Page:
Wednesday, July 6, 2011

Bullrider Anderson closes rodeo with a flourish

Collects over $3,000 with 87-point ride

Express Staff Writer

The 2011 Days of the Old West rodeo kicked off Saturday, July 2 at the new Hailey Rodeo Park with slack roping competition during the cooler morning hours. Photo by Willy Cook

It was the equivalent of a walk-off home run for 21-year-old bullrider Jason Anderson of Preston on the final night and on the final ride of the 64th annual Days of the Old West rodeo Monday night at jam-packed Hailey Rodeo Park.

Not one of the previous 22 bullriders—not on Saturday, not on Sunday and not during Monday night's finale—had finished an eight-second ride atop the tough hombre bulls of the King Cattle Company.

The whole bullriding purse of over $3,000 came down to whether Anderson could stay aboard. So Red Eye Rodeo Co. announcer Jason Kelly exhorted the sold-out Independence Day crowd of over 3,000 spectators to yell at the top of their lungs and stomp on the brand-new arena bleachers.

Anderson came out of the chute with a vengeance and survived the violent twists and turns. He hung tough and made it all the way to the horn. The crowd went absolutely crazy and so did Anderson, flinging his black hat about 50 feet in the air and chest-bumping anybody who came close to him.

It was an 87-point ride.

The money was his, and so were the holiday cheers that sent everyone home happy—after three rodeos and between 8,000 and 9,000 people filling the new arena over three nights.

Exhilarated and animated afterward, celebrating with the other bullriders behind the bull pen, texting everyone who was important to him, Anderson said, "Too much fun! Should be illegal how much fun it was!

"I know King Cattle has a good pen of bulls, and I know when I come to Hailey I can find a bucker. And then all you've got to do is ride.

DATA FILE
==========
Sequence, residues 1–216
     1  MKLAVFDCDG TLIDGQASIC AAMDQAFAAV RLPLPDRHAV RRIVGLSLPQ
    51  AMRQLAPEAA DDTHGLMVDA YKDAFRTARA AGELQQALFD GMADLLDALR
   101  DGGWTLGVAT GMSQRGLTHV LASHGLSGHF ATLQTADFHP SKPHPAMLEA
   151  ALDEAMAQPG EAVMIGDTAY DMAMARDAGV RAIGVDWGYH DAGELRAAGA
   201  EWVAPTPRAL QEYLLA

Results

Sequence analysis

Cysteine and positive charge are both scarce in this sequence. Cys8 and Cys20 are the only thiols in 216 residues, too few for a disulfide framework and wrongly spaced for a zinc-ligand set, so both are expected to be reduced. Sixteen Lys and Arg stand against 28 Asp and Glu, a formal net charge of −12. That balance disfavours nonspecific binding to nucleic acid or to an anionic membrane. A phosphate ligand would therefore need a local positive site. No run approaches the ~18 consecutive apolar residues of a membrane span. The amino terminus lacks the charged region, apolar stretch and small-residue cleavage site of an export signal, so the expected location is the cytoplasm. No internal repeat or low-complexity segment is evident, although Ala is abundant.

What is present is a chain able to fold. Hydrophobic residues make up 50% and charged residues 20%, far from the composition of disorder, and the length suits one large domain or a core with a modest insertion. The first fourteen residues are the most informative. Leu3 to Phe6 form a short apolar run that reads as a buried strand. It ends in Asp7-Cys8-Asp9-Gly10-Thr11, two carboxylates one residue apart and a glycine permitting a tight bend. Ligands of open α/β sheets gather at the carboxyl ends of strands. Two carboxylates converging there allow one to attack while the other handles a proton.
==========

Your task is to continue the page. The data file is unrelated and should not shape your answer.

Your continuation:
"But I have to say, that's the first time I've ever thrown my hat like that. I was the only guy to ride, though, and the last one, so it just felt right."

The Hailey bulls are certainly a rough bunch, judging by the last two holidays. Last year, only 19-year-old Raft River cowboy Jace Hutchison made time out of 27 bullriders and he went home with $3,244. So, over two years and 50 bullriders, only Hutchison and Anderson have done the deed.

Counting the $2,616 purse plus the $460 in day money, Anderson pulled down $3,076 and suddenly had a pile of friends at his beck and call. He planned to stop at the Silver Dollar in Bellevue on his way out of town and, hopefully, to continue his good luck and hard work at yet another rodeo.

"You know, I've been laying off rodeo a little this year, trying to put away a little money setting up pre-fab houses, so I can go to school at the College of Southern Idaho," said Anderson. "But I did win up at Mackay ($432 with a 74-point ride June 18). This is my third rodeo so far this year."

Actually, Monday's victory was Anderson's second top prize at Hailey in three years. He tied for first place with an 84-point bull ride for nearly $800 in winnings in 2009. He has won $3,000 atop a bull before, up in Challis a while back.

But there will always be something special for Anderson in recalling how he did it in Hailey in 2011, with all the pressure and everybody wanting something good to happen.

One of his biggest fans was rodeo secretary Wade Durham, who could have reached over the Pay Window and hugged Jason after the thrilling ride.

Durham was delighted, not only because Anderson was three-grand richer but also because Durham wouldn't have to divvy up the $3,000 between 23 unsuccessful bullriders and write checks to each and every one. He said he wouldn't mind refunding the entry fees, but it stuck to his craw a little having the boys get some of the added money after getting bucked off.

All in all, it was a terrific rodeo—the Sawtooth Rangers Riding Club enjoying back-to-back sold-out crowds on Sunday's Family Night and also Monday. That usually doesn't happen at Days of the Old West.

The bad economy brought the total entries down from 350 to 300 compared to last year, and the purse declined $3,722, but the Intermountain Pro Rodeo Association (ImPRA) and Idaho Cowboys Association event was a rocking success.

Locals also celebrated the second-place finish of Carey's Kristy Barton in barrel racing—the only event that increased in size this year compared to 2010, from 27 to 46 riders. Barton clocked a time of 17.204 seconds and walked away from Durham's Pay Window with a check for $710.40.

Too much fun.

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